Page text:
In fact Tillie tells stories in Afrikaans, sings Christian hymns in IsiZulu, Sesotho and IsiXhosa and English. Sometimes when she speaks her language is saturated like a fading image and all of the country’s 11 official languages blend in her mouth producing a sound I can only describe as tongues. A language used by many born-again Christians to pray to God. At least I can understand what she is saying. When no one is looking Ouma Settie, tall, dark, regal with with sharp darting eyes leans in closely and Ouma Tillie whispers everything to her. Ouma Settie can talk when she wants to.

WHEN TWO WORLDS COLLIDE: SHIFTS HAPPEN

This assignment has been a challenge, the more I tried to do it the more I felt like I was losing something valuable. It was draining emotionally, but I tried to celebrate life. Throughout the week I was in a strange mood which I couldn’t explain by the sighting of the location of the moon. the office was louder and noisier than I ever imagined. Eventually I resorted to making noise myself which generated a lot of laughter in the office. That seemed to temporarily ease the tension which was becoming heavy like a wet fur coat, my shoulders were freezing under its drench. What is going on? I kept asking myself. Going out to the field and listening to other people stories was a welcome tonic to the a sadness that kept flirting with me surprising me a the most inappropriate time. More over this particular story ‘Celebrating centurions in Eldorado Park” was talking to me.  I am not going to Kliptown I told myself I am going on a story in Eldorado park. The two might be close to each other but they are different.I had to push myself to do it. When I finally did, on Saturday night, I went on twitter to relax. And found I had a new follower who tweeted “J please get in touch with me urgently” Zakhele Zulu. It could only mean one thing. So I tweeted my number back and ten minutes later he called. Your grandmother Omkhulu passed away last week, its her funeral tomorrow, we were looking all over for you. Are you Ok? Yes I was okay I had just been working. “Are you coming?” He asked “You know I don’t like funerals” I said. Ok. He replied in a tone that said to me, no one likes funerals but someone has got to do it. I didn’t know how to feel. I called my mother to let her know. She already knew. “Are you going to the funeral?” She said in voice which pleaded, instructed, assumed I would go. I said I would think about it. In truth there was nothing to think about. I had to go.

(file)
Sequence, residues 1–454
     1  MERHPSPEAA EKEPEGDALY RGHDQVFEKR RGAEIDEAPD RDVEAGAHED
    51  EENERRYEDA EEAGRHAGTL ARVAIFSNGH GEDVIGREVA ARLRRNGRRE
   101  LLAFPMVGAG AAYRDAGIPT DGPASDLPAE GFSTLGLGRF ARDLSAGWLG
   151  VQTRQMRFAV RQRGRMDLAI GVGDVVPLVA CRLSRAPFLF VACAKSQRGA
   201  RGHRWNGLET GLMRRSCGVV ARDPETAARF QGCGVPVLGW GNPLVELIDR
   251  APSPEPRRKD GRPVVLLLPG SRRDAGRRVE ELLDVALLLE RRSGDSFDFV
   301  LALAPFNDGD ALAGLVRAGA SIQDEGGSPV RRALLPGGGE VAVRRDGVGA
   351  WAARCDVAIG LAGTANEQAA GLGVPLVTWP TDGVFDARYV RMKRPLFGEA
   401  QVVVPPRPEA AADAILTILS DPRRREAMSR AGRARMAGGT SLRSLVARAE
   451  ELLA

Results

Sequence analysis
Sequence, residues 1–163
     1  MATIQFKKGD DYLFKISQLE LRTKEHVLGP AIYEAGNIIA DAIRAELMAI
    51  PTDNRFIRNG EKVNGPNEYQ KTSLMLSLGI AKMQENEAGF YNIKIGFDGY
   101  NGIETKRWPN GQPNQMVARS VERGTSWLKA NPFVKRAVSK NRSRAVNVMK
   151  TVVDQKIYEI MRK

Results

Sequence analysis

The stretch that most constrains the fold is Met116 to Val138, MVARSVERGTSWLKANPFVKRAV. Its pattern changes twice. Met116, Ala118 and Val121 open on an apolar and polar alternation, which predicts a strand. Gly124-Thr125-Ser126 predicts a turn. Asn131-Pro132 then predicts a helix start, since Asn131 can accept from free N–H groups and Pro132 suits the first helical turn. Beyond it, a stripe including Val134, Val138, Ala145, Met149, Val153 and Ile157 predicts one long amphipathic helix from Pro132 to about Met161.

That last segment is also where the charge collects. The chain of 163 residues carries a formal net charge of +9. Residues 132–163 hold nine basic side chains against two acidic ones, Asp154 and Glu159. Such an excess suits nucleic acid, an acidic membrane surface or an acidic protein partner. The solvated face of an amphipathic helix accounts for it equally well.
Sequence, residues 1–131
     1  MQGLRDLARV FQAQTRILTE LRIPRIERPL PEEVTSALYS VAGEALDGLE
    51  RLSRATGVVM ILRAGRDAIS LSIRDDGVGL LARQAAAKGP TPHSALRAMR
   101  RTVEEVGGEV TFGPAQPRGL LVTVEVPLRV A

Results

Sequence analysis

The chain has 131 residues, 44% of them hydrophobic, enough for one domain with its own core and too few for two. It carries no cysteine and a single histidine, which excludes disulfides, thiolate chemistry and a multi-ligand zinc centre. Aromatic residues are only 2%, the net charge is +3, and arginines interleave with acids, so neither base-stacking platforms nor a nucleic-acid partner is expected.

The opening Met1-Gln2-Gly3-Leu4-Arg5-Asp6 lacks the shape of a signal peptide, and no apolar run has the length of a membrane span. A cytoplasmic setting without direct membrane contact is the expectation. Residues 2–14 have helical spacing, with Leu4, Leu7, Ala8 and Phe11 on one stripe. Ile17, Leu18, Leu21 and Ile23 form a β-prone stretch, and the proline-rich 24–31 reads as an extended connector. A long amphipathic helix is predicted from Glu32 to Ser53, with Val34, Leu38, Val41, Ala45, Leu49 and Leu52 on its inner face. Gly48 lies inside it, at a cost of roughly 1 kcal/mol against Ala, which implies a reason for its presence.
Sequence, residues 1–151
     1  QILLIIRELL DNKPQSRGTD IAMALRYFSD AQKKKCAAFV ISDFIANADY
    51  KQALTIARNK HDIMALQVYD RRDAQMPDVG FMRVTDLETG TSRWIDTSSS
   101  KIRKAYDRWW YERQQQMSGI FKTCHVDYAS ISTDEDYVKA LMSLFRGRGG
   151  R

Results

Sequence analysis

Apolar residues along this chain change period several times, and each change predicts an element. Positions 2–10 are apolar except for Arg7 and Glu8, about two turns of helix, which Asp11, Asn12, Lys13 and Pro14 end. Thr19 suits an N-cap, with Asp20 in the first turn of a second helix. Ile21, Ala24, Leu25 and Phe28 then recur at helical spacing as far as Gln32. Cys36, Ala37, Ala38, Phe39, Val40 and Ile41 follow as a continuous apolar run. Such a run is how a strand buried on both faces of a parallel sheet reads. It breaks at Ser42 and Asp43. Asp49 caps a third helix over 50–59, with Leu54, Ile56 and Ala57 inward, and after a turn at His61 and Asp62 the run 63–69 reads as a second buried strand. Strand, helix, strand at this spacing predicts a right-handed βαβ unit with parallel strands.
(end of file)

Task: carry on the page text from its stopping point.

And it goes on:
SO THIS IS WHAT ALL THIS WAS ABOUT.

So I went home to number 7224 Thabethe Street, Phefeni, Orlando West Soweto. The first address I had to memorize and know before going to school. There were three things I had to remember before going to school for the first time. My name, date of birth and home address. The house hadn’t changed since it was first built by the apartheid government in 1942. The same gate from my childhood is there. I can still hear the sound of it opening and closing sometimes. I can still hear my grandmother shouting at to make sure I close the gate each time I came back from somewhere. It had a distinct sound. I could hear it opening from my room on quiet days. The white tent pitched on the front of the house, reminded me of pictures I had seen of my mother’s wedding to my father. Dressed in an elegant white chiffon two piece Suit, with a white sun hat and a healthy Angela Davis Afro peeping on the side- she looked to me like a model who has just stepped out of Vogue magazine or a plane from Paris France. She looked so beautiful. I found people sitting and chatting outside, My uncles Zack, Sipho and Velaphi standing in the middle of the street facing the house. The women sat under the trees in the front garden, some under a tent, I was looking for a familiar face. I asked my maternal grandmother, the only one remaining, to tell me about Kliptown. “My grandmother owned a house there, near the railway line. We used to go there during all our school holidays to visit Umkhulu Nogogo Umpiyakhe Mtshali. We had everything we needed because we were the land owner’s children. It was nice. I asked her more questions and decided to do what I do best. Record Everything and everyone in the family and finally tell the story of the Zulu Brand. ” I’m not black I’m african. My my mother is Zulu Sotho, Coloured”. I am a part of every race.

Can you imagine?

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CHANNEL O-OH! AFRICAN VIDEO AWARDS AND THE VIP SYNDROME

Nigerian R&B duo P-SQUARE, doing their thing at the 2013 Channel O African Video Awards in Kliptown Soweto.
Nigerian R&B duo P-SQUARE, doing their thing at the 2013 Channel O African Video Awards in Kliptown Soweto.

“Gloom and despondency have never defeated adversity. Trying times need courage and resilience..” Former South African President Thabo Mbeki, 2008 September Presidential  Resignation speech.

The Fairy-Tale